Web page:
Ajax Makes the WSJ

Monday’s Wall Street Journal includes a paean to the wonders of Ajax. While the piece is mostly old news, it is interesting to see a mainstream publication like the WSJ chase a blogosphere meme so quickly.

Does writer Lee Gomes have it straight? Mostly. After breezing through a quick description, he lays out the merits of Ajax apps — lightweight, relatively standard, and responsive — and describes some of the companies taking this approach, from Google to Flickr.

That’s fine, as far as it goes. Where the piece is most useful, however, is in pointing out how the arrival of solid cross-browser apps from major firms taking this approach has legitimized a way of programming:

Google is also one of the most closely watched technology companies on Earth, so now that it has shown that Ajax can result in powerful applications used daily by millions of people, software programmers everywhere are getting excited.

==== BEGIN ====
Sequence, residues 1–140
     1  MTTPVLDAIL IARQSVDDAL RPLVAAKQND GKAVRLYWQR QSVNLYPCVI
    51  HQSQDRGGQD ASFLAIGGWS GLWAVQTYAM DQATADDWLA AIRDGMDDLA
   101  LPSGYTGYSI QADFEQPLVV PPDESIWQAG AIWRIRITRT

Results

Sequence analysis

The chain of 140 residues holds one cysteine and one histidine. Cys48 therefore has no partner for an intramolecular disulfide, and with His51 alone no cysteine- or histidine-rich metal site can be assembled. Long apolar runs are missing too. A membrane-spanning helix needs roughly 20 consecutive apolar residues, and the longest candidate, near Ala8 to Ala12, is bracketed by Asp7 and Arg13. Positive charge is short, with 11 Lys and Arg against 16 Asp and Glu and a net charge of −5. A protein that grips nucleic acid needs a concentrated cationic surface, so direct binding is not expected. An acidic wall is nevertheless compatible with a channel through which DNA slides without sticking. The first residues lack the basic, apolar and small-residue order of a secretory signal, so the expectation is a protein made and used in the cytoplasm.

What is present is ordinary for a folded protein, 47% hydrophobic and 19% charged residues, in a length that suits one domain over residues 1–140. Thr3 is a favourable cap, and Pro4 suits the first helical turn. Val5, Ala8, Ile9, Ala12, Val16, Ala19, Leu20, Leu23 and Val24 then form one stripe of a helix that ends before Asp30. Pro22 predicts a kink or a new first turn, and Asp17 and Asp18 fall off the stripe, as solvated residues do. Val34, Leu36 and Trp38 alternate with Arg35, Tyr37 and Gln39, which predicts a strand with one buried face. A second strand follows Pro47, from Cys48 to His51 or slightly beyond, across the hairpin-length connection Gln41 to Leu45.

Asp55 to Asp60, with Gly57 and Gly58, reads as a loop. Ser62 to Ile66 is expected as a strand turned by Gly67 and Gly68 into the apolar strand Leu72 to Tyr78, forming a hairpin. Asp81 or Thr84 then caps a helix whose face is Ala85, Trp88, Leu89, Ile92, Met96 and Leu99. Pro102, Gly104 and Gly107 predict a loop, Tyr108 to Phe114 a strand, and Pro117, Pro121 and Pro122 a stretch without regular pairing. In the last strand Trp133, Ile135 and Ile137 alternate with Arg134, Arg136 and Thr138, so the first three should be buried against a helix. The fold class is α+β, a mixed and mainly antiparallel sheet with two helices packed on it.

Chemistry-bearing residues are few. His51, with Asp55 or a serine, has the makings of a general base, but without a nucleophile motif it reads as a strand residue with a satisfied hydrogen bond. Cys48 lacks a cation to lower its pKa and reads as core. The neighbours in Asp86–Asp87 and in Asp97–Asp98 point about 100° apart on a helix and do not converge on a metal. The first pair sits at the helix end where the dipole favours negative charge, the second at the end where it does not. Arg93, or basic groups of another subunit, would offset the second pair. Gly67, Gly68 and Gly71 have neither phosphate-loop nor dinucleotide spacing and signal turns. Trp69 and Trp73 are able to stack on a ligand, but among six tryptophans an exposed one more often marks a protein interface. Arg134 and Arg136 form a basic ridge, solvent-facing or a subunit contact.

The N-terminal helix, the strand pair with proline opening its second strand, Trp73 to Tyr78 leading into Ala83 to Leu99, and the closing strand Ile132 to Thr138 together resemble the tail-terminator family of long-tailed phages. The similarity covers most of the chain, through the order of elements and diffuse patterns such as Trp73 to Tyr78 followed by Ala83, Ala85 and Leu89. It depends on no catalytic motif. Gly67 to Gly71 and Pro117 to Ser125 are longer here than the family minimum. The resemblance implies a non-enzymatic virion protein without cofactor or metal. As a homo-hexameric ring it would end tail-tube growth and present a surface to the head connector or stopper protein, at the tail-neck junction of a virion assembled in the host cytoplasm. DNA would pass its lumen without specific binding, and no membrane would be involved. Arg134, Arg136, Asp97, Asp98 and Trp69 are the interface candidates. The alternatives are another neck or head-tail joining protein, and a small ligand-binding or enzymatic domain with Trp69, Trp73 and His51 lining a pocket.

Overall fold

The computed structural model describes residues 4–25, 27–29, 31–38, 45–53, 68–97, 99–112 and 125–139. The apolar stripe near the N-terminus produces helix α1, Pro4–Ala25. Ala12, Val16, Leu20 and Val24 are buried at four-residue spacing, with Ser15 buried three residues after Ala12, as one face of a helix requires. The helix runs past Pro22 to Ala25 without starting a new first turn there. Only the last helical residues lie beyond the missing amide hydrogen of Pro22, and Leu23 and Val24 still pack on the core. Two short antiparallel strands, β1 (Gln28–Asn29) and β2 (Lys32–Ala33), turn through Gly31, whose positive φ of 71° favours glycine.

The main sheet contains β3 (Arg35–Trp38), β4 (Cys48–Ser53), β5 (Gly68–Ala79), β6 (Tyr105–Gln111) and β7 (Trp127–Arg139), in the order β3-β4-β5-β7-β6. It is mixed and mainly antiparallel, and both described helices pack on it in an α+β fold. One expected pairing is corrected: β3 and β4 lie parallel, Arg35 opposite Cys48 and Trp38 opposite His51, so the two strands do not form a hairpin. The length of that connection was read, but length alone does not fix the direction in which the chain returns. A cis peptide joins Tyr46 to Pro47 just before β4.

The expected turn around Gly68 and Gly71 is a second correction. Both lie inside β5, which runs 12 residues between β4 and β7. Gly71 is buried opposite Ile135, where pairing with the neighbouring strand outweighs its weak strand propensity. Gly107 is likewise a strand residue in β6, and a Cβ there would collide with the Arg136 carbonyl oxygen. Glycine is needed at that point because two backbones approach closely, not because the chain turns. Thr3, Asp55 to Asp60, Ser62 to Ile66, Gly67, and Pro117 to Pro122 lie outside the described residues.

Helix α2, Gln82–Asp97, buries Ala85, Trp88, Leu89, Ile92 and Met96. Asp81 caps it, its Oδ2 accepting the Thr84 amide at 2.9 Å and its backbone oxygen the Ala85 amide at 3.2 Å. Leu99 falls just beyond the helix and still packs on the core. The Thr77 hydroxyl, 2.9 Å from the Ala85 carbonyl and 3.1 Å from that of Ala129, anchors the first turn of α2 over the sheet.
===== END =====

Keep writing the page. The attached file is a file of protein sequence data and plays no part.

Right. It is not that the technologies underlying Web 2.0 apps like Google Maps and its ilk are new, they are not. Javascript, XML, etc., have been around for ages. What is new is having major companies go to the trouble of building high-quality Ajax apps that don’t require a specific browser. That is new and exciting.

Of course, there is a more cynical upshot: There are a whole bunch of companies busily adjusting their PowerPoints tonight. The WSJ has added Ajax to the venture vernacular, so said companies just became Ajax outfits.


  1. Hilarious post…spit out my coffee laughing thinking about hundreds of Powerpoints getting Ajaxed…

  2. You’re welcome Michael!